Pentagon, NASA Say ‘Mystery Missile’ Was Airplane Vapor Trail
LOS ANGELES (CBS News / AP) ― Both the Pentagon and NASA concluded Wednesday that an airplane and not a missile launch was the likely cause of a large vapor trail in the skies off Southern California’s coast earlier this week.
CBS News on Monday evening videotaped the vapor trail that many viewers thought resembled the cloudy track of a missile in flight. But military officials said they did not know of any rockets being launched in the area.
Acting Deputy Assistant Secretary of Defense Col. Dave Lapan said that officials were satisfied the phenomenon was an airplane vapor trail distorted by camera angle, winds and other environmental factors.
“All of those factors together leave us pretty confident that this was a contrial caused by an aircraft,” explained Lapan.
He said military experts studied the video and talked to all the government agencies that might have been involved in a missile launch and none reported having launched one.
NASA experts agreed with the Pentagon that an airliner likely caused the billowing contrail that resembled a missile plume illuminated by the setting sun.
Scientist Patrick Minnis of NASA’s Langley Research Center in Virginia said he examined satellite images of a horizontal contrail recorded at the time of the sighting and concluded that it came from an airplane.
“I would conclude that the contrail was from an aircraft between 33,000 and 43,000 feet that left a spreading contrail that was wide enough” to be seen in the satellite imagery, he said.
“A missile could look like that, it could potentially have a contrail that shape,” added Minnis’ colleague Al Bowers, associate director of research at NASA’s Dryden Flight Research Center in the Mojave Desert. “(But) the motion looks a little suspect to me, and my conclusion would be that, yeah, it’s most probably an aircraft.”
Mick West, who runs a website devoted to contrails, said he too knew it was an airplane the moment he saw the video.
“It’s coming more or less straight towards you and it’s in level flight,” said West. “It’s not climbing. It’s not descending. It’s probably around 35,000 feet.”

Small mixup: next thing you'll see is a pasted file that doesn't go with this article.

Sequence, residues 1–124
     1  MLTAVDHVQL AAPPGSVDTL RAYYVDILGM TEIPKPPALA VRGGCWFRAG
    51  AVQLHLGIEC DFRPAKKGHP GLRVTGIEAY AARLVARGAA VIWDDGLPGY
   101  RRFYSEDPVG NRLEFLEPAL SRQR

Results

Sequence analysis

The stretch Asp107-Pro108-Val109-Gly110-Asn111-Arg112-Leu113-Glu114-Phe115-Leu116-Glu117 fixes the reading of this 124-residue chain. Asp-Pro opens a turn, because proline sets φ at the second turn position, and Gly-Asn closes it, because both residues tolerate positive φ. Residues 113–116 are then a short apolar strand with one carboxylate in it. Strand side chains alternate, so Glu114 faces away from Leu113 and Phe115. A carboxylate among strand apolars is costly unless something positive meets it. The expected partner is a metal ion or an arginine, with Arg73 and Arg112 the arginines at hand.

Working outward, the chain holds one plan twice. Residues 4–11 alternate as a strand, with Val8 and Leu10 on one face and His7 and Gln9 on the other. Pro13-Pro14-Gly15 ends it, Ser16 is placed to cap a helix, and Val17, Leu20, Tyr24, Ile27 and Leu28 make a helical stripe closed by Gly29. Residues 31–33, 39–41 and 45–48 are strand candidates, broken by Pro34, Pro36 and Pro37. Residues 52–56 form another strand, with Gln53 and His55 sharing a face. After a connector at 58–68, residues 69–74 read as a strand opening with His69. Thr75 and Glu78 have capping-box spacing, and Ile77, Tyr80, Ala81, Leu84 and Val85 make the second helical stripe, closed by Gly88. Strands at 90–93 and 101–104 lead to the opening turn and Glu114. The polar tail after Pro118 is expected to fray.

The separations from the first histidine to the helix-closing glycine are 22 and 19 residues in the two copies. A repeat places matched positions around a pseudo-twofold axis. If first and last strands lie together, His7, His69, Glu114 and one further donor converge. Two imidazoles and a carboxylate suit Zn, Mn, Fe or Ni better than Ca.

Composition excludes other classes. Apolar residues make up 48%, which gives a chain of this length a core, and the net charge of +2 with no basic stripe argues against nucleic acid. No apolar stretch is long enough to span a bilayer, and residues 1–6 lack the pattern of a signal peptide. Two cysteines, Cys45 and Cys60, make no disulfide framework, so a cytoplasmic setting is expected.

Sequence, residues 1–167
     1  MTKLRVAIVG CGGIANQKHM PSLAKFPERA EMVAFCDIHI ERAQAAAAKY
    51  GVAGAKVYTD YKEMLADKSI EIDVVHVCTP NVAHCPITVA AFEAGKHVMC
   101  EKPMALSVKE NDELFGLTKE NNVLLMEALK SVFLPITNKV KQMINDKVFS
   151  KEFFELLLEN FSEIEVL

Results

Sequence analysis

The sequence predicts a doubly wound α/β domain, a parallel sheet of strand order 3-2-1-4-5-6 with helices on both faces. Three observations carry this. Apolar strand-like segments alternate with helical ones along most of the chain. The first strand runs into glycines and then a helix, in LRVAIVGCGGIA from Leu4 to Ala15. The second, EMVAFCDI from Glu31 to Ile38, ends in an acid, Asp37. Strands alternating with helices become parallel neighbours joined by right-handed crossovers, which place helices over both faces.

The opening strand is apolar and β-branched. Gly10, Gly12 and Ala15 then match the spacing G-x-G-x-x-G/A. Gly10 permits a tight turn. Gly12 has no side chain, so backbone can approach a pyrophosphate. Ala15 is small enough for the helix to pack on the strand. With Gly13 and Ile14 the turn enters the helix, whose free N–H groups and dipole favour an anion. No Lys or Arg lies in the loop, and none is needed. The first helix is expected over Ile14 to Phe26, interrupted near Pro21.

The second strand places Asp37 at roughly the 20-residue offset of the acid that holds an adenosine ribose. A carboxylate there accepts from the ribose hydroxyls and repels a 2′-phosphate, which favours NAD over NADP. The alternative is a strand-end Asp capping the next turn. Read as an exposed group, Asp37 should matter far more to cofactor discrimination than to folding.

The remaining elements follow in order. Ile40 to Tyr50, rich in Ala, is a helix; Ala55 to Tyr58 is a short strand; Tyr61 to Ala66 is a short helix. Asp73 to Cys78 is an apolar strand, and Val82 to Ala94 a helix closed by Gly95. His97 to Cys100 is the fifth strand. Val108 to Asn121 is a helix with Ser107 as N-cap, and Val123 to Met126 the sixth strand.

How can that be when it looks for all the world as if it’s climbing into space?
“The same contrail that looks like a rocket – from the side it, just looks like a contrail passing by,” said West.
On viewing the video of the mystery missile, West said he had an answer.
“I’ve got a fairly good idea that it was U.S. Airways flight 808 from Hawaii,” he said. “Honolulu to Phoenix.”
A webcam photo of flight 808 taken Tuesday evening compared to a still frame from the mystery video shot Monday evening looked virtually identical, according to West.
Missile and satellite launches are routine along the California coast.
The area of ocean perceived as the seeming liftoff point Monday night is in the vicinity of a Navy ocean range where missiles are often launched from vessels, platforms and San Nicolas Island.
Up the coast is Vandenberg Air Force Base, where satellites are lofted into polar orbit and intercontinental ballistic missiles are launched on unarmed test flights to targets thousands of miles away in the Pacific Ocean. Three ICBMS were launched between June and September.
Many of these launches are invisible to the metropolitan area, shrouded by the layer of moist marine air that often rolls in from the Pacific. Others are lost in the brightness of daytime.
But launches on very clear nights or at twilight sometimes trigger numerous calls to media or authorities reporting unusual sky sightings from hundreds of miles away, even from neighboring states.
No such spontaneous public response occurred Monday night in the greater Los Angeles area, suggesting that the image captured by the airborne camera was not apparent to ground observers.
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